Are you developing software that’s going to be used in multiple languages? If so, it’s time to think about localization. Localizing your software properly is crucial if you have global success in your sights.
I do find, though, that localization – or l10n – gets something of a bad press. It’s often perceived to be more complex than it actually is. That’s why I wanted to take the time to run through some of the basics of software localization with you.
Let’s start with a quick software localization definition. What is software localization? Software localization is the process of adapting the language, look and feel of software to meet the needs of a specific audience.
The software localization process involves making changes to everything from your user interface to your documentation. Images, formatting and more is put under the microscope and adapted to meet the needs of the new audience.
I find the software localization process fascinating. When done well, it adapts the software in linguistic, cultural and practical terms to the point that the new audience feels as though the software was created for them initially.
From a business perspective, software localization means you can plan to engage with global audiences in order to increase your customer base. You can capitalise on this to grow your brand and increase your profits.
Software localization also means that you can get better value for money from your applications. Building it into the development stage of your work means that it takes relatively only a little additional expenditure in order to convert your software from being suitable for one language or country to being suited to multiple audiences.
I think one of the reasons that developers tend to sigh when they think about tackling a localization project is that the process used to be pretty unwieldy. Do you remember those days of having to extract strings and source content and paste them into spreadsheets, then having to put the localized strings back into the software? Thankfully, the process is much more efficient these days. It’s all about having the right resources.
If you need localization tools, I recommend you map out which ones you’re going to use and why. These days, there are some superb localization platforms on the market. These help to automate the software localization process while still retaining the human element of translation.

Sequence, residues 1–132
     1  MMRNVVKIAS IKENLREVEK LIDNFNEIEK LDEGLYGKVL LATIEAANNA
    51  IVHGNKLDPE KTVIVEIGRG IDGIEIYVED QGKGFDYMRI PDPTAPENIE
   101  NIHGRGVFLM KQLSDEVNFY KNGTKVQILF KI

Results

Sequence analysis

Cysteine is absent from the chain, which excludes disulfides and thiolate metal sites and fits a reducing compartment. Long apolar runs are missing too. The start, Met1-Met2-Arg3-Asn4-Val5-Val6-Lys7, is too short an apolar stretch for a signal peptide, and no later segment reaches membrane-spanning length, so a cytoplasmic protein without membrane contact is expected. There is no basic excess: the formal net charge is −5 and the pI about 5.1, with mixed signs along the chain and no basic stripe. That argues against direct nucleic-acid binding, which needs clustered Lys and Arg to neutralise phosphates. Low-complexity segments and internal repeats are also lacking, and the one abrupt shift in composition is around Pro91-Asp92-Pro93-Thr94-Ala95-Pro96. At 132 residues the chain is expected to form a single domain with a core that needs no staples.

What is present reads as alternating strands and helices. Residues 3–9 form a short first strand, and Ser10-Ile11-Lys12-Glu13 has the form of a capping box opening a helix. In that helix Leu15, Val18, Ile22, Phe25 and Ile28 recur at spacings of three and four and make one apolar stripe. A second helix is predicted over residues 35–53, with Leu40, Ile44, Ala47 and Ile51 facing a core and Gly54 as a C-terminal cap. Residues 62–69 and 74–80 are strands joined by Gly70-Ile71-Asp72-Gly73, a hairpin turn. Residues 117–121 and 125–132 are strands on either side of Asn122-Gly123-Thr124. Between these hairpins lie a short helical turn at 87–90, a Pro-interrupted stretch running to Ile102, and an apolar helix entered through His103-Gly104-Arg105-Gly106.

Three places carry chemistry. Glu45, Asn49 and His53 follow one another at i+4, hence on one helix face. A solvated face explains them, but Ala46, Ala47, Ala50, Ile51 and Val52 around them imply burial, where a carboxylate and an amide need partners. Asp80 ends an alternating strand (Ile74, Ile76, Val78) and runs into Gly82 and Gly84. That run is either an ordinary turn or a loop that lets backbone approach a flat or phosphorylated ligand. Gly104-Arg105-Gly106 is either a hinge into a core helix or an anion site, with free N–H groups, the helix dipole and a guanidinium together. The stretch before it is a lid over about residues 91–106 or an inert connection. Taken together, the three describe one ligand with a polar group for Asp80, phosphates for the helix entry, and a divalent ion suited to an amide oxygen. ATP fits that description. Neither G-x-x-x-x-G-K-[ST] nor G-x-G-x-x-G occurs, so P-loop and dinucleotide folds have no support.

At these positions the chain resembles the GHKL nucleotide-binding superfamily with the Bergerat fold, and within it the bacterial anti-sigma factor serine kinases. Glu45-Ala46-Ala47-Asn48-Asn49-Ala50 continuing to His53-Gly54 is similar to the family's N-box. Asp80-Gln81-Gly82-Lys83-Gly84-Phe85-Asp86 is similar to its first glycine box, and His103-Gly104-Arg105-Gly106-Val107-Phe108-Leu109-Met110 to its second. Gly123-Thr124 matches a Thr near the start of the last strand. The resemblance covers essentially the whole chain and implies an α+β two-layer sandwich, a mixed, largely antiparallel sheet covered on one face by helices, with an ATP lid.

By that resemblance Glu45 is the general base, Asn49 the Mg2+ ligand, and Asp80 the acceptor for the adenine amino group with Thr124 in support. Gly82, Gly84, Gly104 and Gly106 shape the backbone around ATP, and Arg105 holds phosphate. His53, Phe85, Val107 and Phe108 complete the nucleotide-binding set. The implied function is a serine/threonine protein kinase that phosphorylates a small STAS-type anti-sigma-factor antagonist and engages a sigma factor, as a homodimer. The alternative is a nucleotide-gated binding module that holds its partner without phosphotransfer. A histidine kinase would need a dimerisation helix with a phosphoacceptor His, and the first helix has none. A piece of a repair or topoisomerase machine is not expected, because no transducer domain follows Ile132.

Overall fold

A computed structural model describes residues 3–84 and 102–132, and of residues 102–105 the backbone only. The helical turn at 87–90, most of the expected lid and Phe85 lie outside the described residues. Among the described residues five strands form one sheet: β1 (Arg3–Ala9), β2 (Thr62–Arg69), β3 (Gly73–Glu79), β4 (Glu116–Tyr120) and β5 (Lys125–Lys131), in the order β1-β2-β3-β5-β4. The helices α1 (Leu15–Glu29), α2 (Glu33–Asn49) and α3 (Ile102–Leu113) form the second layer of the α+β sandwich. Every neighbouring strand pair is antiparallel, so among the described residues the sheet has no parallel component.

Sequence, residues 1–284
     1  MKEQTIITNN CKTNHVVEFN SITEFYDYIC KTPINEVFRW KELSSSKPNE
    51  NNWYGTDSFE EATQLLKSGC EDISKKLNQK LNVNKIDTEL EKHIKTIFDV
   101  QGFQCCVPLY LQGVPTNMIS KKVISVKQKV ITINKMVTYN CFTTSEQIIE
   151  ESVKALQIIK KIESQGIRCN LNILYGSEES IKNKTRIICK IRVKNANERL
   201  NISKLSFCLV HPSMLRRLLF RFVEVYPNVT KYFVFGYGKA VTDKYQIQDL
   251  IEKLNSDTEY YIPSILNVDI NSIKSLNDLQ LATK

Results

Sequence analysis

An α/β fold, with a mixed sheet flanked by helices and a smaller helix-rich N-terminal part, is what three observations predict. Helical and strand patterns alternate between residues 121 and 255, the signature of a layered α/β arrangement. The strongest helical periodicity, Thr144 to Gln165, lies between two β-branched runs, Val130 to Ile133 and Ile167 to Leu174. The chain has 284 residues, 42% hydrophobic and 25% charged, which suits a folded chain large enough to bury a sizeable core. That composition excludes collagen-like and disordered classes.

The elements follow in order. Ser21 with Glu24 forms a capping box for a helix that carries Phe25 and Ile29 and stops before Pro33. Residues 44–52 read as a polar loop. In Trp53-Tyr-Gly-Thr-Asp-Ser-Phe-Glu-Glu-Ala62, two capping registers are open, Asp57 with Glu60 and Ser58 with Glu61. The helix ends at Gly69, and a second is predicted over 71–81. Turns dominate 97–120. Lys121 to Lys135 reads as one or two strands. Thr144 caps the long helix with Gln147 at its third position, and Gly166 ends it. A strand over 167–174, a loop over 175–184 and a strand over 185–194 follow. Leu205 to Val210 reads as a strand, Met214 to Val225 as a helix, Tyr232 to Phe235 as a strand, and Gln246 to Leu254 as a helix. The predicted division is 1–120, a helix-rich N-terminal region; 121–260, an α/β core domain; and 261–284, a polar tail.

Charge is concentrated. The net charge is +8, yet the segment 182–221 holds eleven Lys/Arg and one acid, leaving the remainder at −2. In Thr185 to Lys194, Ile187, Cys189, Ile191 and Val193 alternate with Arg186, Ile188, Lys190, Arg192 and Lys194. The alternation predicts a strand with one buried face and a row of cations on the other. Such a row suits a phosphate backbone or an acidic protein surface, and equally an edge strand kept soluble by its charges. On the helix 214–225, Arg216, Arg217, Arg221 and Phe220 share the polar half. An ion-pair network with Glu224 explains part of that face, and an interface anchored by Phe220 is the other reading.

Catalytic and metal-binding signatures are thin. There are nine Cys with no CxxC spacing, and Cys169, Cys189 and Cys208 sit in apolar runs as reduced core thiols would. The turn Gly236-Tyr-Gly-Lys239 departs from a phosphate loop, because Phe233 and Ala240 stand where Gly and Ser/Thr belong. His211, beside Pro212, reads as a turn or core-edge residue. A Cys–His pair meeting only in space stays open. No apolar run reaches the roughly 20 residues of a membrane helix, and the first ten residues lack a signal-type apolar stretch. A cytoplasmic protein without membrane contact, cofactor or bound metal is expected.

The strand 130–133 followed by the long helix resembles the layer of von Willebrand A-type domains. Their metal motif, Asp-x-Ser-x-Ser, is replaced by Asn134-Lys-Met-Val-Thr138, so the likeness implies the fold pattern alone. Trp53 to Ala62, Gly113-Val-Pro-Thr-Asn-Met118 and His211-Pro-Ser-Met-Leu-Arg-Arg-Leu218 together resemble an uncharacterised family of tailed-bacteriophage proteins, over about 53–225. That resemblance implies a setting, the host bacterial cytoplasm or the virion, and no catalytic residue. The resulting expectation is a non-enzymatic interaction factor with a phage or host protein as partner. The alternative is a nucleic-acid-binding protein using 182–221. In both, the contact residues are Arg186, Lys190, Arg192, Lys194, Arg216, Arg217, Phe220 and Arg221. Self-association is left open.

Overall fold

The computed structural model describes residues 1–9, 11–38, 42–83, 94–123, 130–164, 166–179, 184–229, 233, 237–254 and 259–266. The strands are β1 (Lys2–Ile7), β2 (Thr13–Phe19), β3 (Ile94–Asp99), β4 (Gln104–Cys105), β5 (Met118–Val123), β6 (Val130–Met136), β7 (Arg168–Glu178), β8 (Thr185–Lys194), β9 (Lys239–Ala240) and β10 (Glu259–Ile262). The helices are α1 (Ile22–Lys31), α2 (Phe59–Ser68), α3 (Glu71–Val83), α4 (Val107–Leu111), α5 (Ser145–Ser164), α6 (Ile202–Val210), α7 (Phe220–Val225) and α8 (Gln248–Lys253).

Look for a platform with an integrated translation provider if you want to take the most efficient approach. This will provide you with the skills you need to judge the number of people needed relative to the volume of the project, as well as access to translators who are experts in the l10n process.
In terms of your resource files, these will contain resources for a particular language. They will define how you handle user-visible strings in your software. You can use properties files to do this, with files for each language. Or for Android you can use the strings.xml file in the relevant directory. Meanwhile, for iOS, you can use Localizable.strings files for each language. You should end up with a resource bundle for each language.
Your strings are the things you’ll mainly localize when it comes to adapting your software to foreign audiences. The localization string process is best undertaken during the design and build phase of your software, rather than once it’s complete.
If you’re focusing on localization strings, there are a few best practices that I believe will make your life easier. Firstly, avoid hard-coded strings. Secondly, don’t concatenate your strings. I know that it can save space, but it won’t help you when it comes to differing word orders in different languages.
Finally, explain your strings wherever possible. Providing context will pave the way for faster, more accurate translations.
Complexity of Your Source Language (Main Software Language) H3
The complexity of your main software language can impact the localization language process. It’s better if English is your base/main language, though of course application localization is still possible if it isn’t.
I didn’t include a mention of internationalization (i18n) in the software localization definition above, but it’s an essential part of the process that warrants discussion here. Before you localize, you must first internationalize.